Sunday, April 14, 2013

Spring Has Sprung (Finally)!

Spring!  I love Spring.  I am so happy it is finally coming around, and it has really just happened in the last week.  I love the parks here.  They seem like a small oasis in the middle of the city.  Especially Central Park.  I also love that as I am in the middle of some great park, I can still see buildings in the distance.  Kind of like two worlds coming together. 

So I just needed to share my joy of the new Spring with a few pics from the last week.  Most of these are from Central Park on my ramblings, but I have one from Bryant Park too.

Bryant Park, 6th Ave/42 St.

 Central Park last Monday, and below, Central Park yesterday while out with my friend Melanie.

 I went on a walk today back to Central Park, but to a different area closer to midtown.  I was not the only one with such a brilliant idea.

 I feel like I have seen this bridge in so many movies.  Geeked out a little bit.

Yep, with today being so beautiful in the park, it was the kind of day that makes me wish I had a boyfriend to enjoy it with, or that my parents were here so I could show them, or both. 

Mormon Super Bowl Weekend, Or Should I Say, General Conference

Last weekend was General Conference.  I always love that weekend for so many reasons.  Not only do we get to hear great talks from the leaders of my church, but it kind of feels like a holiday weekend to me.  No formal church, getting together with family or friends, and of course, the food.  Oh, the FOOD!  My roommate Abby called it the Mormon Super Bowl, and how right she is.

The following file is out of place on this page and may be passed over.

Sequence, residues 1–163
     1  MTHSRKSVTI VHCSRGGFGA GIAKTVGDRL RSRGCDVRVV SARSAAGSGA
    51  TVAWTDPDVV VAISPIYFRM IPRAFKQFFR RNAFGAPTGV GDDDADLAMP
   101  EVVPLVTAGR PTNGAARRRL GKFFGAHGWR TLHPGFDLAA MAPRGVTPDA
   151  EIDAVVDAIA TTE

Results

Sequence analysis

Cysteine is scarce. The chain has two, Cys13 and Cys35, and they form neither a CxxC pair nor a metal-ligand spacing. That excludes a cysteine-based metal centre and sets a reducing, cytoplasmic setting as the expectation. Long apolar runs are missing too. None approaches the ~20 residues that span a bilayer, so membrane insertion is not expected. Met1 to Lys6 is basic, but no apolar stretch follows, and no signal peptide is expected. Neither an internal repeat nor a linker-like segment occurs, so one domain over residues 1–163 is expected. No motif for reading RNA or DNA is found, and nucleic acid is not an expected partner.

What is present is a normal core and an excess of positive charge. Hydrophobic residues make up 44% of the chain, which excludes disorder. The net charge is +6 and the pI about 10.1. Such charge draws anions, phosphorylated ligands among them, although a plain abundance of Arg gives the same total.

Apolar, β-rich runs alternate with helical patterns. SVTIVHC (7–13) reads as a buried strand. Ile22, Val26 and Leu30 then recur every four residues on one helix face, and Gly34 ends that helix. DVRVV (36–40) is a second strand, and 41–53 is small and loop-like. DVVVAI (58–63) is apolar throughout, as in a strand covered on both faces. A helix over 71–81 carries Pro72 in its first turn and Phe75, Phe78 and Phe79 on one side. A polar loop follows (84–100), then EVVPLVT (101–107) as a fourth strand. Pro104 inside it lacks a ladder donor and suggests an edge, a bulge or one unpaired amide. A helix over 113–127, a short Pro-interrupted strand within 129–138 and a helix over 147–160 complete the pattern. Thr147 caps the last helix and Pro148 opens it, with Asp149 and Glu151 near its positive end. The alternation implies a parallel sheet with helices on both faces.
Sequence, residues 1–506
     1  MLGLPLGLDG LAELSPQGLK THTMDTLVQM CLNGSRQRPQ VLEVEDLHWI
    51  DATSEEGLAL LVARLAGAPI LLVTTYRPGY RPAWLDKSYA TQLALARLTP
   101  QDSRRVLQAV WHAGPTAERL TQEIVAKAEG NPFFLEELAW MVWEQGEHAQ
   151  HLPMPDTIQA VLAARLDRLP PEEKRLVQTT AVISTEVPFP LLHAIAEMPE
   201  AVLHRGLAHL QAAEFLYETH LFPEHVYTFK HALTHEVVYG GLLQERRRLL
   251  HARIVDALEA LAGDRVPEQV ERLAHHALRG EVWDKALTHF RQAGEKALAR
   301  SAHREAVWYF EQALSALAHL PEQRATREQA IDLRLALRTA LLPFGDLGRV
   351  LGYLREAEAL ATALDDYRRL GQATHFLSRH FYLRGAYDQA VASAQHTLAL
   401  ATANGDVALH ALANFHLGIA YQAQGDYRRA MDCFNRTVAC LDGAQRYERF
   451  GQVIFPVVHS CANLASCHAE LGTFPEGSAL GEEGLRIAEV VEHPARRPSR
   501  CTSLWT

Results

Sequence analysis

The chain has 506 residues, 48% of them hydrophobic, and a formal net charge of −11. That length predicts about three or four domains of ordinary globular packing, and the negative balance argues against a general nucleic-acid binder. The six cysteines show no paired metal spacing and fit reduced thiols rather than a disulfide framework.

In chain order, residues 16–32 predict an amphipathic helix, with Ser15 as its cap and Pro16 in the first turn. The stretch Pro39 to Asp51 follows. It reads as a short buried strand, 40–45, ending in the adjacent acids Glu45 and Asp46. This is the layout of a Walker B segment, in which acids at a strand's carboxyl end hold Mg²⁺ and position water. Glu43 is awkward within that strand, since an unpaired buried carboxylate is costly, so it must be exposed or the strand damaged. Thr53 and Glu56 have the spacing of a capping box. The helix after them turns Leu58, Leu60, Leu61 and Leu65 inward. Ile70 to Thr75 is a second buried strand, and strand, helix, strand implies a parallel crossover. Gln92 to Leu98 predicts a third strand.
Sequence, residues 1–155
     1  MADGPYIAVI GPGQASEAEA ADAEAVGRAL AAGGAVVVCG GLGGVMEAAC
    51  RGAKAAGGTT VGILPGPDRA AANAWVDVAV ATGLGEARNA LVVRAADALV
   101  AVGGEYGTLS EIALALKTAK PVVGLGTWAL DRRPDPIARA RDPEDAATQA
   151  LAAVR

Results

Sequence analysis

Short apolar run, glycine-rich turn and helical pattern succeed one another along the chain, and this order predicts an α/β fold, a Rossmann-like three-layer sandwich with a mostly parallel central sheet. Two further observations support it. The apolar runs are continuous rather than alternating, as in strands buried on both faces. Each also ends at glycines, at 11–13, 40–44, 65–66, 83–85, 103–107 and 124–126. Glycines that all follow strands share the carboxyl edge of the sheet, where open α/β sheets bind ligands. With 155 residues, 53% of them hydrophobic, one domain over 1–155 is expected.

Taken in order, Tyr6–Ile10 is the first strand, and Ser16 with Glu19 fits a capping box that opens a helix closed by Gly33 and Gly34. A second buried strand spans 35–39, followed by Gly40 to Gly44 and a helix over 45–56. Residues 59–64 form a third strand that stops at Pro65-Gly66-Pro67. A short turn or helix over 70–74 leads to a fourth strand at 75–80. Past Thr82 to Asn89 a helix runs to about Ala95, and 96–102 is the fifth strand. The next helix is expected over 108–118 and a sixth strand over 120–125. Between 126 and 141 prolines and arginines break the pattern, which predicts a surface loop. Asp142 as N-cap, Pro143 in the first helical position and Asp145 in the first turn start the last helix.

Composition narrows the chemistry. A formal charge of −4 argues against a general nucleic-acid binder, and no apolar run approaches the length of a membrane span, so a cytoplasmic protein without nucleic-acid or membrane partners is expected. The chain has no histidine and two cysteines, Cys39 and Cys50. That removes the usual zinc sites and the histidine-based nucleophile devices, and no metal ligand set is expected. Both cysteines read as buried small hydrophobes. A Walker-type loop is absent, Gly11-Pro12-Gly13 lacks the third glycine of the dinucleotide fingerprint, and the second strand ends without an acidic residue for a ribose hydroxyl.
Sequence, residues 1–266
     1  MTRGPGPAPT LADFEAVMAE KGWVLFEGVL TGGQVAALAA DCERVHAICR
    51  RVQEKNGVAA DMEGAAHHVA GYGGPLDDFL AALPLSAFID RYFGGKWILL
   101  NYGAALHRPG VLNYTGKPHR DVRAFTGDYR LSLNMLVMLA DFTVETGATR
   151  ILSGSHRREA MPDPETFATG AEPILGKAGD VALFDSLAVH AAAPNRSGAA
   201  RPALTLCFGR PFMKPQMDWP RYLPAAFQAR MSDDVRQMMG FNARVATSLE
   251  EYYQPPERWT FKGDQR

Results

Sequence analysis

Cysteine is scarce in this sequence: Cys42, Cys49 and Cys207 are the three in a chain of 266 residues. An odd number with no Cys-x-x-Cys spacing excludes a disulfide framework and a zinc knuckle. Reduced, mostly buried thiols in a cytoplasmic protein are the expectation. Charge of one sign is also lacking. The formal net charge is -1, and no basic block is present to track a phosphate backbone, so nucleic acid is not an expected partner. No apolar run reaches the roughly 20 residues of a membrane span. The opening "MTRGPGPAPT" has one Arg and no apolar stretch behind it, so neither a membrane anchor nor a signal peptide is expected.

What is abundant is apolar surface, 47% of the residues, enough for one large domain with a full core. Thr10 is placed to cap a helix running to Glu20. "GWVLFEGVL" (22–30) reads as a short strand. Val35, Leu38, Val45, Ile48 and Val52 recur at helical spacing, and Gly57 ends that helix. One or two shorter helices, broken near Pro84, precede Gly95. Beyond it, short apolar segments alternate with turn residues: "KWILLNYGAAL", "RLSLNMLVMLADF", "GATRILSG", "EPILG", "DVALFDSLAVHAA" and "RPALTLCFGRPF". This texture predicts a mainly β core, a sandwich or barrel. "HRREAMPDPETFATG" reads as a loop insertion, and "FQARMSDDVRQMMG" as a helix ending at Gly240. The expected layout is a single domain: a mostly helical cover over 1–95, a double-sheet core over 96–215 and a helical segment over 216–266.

I spent the weekend with some of my favorite people in the city.  I have great friends.  We play together, eat together, take walks together, plank together.....
And, as a side note, I met my first hairless cat at Carolyn's house, which belongs to her roommate.  Who knew these creatures existed?  I didn't, and I am not sure how I feel about it now that I know.  Just saying.

Anyway, it was great.  This morning I reread one of my favorite talks, the one by Elaine S. Dalton about being daughters of God.  Last weekend as I listened I just felt really empowered as a woman.  Today was no different, but since I was reading, I could take a little more time and develop some specific thoughts.  Here are some of my favorite quotes:

"As daughters of God we are each unique and different in our circumstances and experiences. And yet our part matters—because we matter."